* Loans: Long-term deal is also Indian company’s biggest offshore financing
By Mirzaan Jamwal, Wakako Sato and Evelynn Lin
SINGAPORE/TOKYO/HONG KONG, Feb 7 (LPC) - Indian state-owned power producer NTPC has chosen the Japanese yen for its biggest foreign currency financing to date, with a US$750m-equivalent loan that highlights the appeal of low interest rates and long-term liquidity in Japan.
With tenors of up to 10 years, the deal is the largest yen-denominated loan for a non-Japanese Asian borrower. Bank of India, State Bank of India and Sumitomo Mitsui Banking Corp, the banks mandated on the deal, are providing the equivalent of US$100m, US$375m and US$275m, respectively.
While the trio will be on the hook ultimately for the borrowing, syndication will provide a test of appetite among Japanese and other Asian lenders because of the large size, the long tenor and existing exposure, particularly given the outcome of NTPC’s previous foray in Japan.
Last April, NTPC closed a US$300m-equivalent 10-year Samurai loan with only Aozora Bank joining in general syndication. The deal found few takers amid a glut of Indian companies seeking yen-denominated facilities, despite the loan paying richer pricing than a ¥39.42bn (then US$370m) financing completed in April 2018.
The 2018 facility, India’s first unsecured 10-year loan in the offshore loan market, attracted eight lenders in general syndication and paid a top-level all-in pricing of 105bp based on a margin of 95bp over Tibor and a weighted average remaining life of 10 years. Mizuho Bank, MUFG and SMBC were the leads on both deals.
This time round NTPC is opting for a shorter tenor based on market feedback, according to a source close to the deal. NTPC is looking to raise three-quarters of the deal via a seven-year tranche and a 10-year portion for the remainder.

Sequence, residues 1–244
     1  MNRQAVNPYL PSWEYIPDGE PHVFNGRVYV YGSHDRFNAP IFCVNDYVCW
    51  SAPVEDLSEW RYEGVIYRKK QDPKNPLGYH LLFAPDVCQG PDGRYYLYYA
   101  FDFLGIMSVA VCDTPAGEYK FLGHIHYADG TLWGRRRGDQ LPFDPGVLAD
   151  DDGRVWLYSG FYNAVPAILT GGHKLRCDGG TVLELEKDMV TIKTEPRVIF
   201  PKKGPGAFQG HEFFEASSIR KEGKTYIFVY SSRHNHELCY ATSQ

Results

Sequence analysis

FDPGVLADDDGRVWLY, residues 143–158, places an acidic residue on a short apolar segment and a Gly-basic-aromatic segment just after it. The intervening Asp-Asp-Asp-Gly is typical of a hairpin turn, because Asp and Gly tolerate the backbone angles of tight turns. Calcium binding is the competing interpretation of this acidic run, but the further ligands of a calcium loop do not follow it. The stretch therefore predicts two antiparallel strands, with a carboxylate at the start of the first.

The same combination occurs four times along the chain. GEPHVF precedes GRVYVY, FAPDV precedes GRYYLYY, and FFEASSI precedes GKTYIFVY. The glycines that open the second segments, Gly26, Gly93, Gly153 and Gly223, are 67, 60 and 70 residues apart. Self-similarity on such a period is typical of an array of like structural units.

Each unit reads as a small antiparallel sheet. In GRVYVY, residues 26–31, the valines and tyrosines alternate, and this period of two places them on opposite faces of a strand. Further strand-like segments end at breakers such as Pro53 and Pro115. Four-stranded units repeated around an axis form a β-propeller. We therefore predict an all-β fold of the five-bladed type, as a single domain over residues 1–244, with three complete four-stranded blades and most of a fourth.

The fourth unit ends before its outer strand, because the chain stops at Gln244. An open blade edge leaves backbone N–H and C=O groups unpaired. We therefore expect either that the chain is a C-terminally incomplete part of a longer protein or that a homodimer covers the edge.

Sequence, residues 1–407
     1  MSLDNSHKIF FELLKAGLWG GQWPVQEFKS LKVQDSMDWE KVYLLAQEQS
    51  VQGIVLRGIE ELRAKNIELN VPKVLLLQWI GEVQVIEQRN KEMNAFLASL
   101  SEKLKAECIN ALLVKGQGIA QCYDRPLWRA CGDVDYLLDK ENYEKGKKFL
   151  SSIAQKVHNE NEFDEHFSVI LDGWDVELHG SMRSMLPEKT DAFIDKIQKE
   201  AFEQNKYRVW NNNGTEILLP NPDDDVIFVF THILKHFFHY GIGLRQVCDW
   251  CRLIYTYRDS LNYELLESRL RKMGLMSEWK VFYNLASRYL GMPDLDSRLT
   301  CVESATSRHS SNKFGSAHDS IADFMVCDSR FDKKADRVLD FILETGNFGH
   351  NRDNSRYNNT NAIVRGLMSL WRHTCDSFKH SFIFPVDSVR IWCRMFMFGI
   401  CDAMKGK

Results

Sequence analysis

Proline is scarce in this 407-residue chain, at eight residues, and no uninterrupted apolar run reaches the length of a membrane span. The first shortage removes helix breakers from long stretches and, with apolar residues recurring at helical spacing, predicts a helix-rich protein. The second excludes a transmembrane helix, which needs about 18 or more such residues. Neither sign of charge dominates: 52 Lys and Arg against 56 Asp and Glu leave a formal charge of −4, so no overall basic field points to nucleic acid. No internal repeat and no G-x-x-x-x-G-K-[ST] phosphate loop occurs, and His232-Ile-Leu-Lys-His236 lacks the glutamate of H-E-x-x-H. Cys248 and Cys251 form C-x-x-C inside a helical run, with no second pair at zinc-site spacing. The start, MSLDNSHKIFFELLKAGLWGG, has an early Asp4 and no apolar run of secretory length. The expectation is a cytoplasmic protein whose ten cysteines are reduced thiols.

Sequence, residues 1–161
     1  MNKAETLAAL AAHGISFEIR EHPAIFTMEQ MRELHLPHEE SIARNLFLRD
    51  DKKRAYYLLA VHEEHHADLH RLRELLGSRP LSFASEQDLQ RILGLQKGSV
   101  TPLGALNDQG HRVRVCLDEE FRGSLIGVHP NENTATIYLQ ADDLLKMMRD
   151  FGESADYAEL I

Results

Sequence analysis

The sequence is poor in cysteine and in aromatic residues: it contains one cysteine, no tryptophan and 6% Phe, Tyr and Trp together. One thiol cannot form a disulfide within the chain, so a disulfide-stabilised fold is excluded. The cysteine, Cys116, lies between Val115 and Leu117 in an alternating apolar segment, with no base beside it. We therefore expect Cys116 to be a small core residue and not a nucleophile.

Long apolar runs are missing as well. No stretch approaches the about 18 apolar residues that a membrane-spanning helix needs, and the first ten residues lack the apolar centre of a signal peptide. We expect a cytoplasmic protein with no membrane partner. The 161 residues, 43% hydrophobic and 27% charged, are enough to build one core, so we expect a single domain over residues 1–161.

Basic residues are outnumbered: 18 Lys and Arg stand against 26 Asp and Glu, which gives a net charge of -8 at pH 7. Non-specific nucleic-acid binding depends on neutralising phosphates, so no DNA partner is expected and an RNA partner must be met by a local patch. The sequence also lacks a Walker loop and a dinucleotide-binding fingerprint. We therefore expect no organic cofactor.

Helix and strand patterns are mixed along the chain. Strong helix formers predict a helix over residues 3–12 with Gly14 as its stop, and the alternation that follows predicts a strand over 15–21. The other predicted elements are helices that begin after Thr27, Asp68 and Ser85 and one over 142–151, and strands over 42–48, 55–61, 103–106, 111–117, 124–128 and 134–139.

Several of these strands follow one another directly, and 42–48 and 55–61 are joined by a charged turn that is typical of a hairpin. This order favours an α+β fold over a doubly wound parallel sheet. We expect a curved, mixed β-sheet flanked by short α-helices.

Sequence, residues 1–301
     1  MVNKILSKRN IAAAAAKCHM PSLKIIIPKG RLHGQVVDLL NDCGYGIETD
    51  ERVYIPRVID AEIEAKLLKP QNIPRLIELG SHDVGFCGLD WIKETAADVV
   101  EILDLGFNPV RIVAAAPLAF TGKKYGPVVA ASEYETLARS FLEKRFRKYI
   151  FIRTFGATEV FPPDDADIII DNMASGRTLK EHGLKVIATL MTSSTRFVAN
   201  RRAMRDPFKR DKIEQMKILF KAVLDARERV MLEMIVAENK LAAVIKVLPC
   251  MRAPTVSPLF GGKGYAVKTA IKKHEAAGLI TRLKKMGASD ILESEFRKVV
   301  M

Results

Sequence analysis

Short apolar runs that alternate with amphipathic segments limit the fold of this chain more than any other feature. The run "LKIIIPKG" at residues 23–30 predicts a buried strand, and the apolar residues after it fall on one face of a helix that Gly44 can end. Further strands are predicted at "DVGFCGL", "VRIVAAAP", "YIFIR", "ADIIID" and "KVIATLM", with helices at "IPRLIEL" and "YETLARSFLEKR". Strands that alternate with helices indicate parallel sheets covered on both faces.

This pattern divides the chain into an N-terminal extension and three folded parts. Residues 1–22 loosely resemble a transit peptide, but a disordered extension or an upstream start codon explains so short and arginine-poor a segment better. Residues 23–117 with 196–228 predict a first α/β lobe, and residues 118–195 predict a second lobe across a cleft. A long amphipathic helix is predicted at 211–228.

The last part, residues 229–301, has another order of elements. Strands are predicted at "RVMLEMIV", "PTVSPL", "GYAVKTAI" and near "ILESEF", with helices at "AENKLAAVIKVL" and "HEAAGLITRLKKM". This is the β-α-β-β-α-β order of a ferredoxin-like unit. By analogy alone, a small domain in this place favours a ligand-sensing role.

Other Indian borrowers have met with modest success on their shorter-tenor Samurai loans. Indian Railway Finance Corp, another state-owned entity, switched to a shorter tenor loan in August last year with a US$300m-equivalent seven-year loan that lured 10 lenders with a top-level all-in pricing of 93bp based on a margin of 90bp over yen Libor and a remaining life of 6.75 years.
By comparison, IRFC’s ¥26.23bn 10-year Samurai loan in September 2018 drew only three banks in general syndication. That deal offered a top-level all-in pricing of 100bp based on a margin of 80bp over yen Libor and a remaining life of 9.5 years.
Bankers consider IRFC to be a closer comparable to the Indian sovereign as it is a wholly owned financing arm of the Ministry of Railways, whereas the government owns a 54.14% stake in NTPC. Although both companies are rated Baa2/BBB−/BBB− (Moody’s/S&P/Fitch), NTPC is expected to pay richer pricing than IRFC.
Indian borrowers have increasingly tapped liquidity in Japan in the last couple of years, raising over ¥200.45bn from nine yen-denominated loans in 2019 and ¥146.59bn via five such loans in 2018, according to Refinitiv LPC data.
NTPC is returning to the yen market to diversify its debt funding mix, according to the source close to the situation.
US dollar-denominated financings made up about 65% of the company’s total foreign currency loans, while yen and euros accounted for around 19% and 16%, respectively, as of March 31 2019, according to NTPC’s annual report.
The Reserve Bank of India’s external commercial borrowing rules allow eligible companies to borrow up to US$750m offshore in any financial year without prior approval, and NTPC has opted to raise the entire amount through the yen loan.
The unprecedented size means the underwriters will have to find every ounce of yen liquidity available – not just with Japanese lenders, but also among other banks in Asia.
Last October, retail finance company Fullerton India Credit closed a US$250m-equivalent three-year term loan after attracting 14 lenders in syndication, including a ¥1bn commitment from Taiwan’s Far Eastern International Bank.
In April 2019, mortgage lender Housing Development Finance Corp raised a ¥53.2bn five year-term loan, attracting Bank of China, Bank of India Tokyo branch and Bank of Taiwan among five lenders joining in syndication.
NTPC has shied away from the offshore bond market in the current fiscal year. The company’s last foray in the G3 currency bond markets was a US$450m five-year offering in March last year that priced at 99.896 with a coupon of 3.75% to yield 3.773%.
The company is a frequent borrower in the onshore debt markets in India where its average cost of borrowings through loans was 6.91% in the first six months of the current fiscal year, compared with 6.79% in the corresponding period a year earlier, according to its earnings presentation in November.
In late July last year, NTPC raised Rs43bn (US$626m) from 10-year bonds at 7.32% following a RsRs30.57bn three-year offering at 7.93% earlier in May. (Reporting By Mirzaan Jamwal, Wakako Sato and Evelynn Lin; Editing by Prakash Chakravarti and Steve Garton)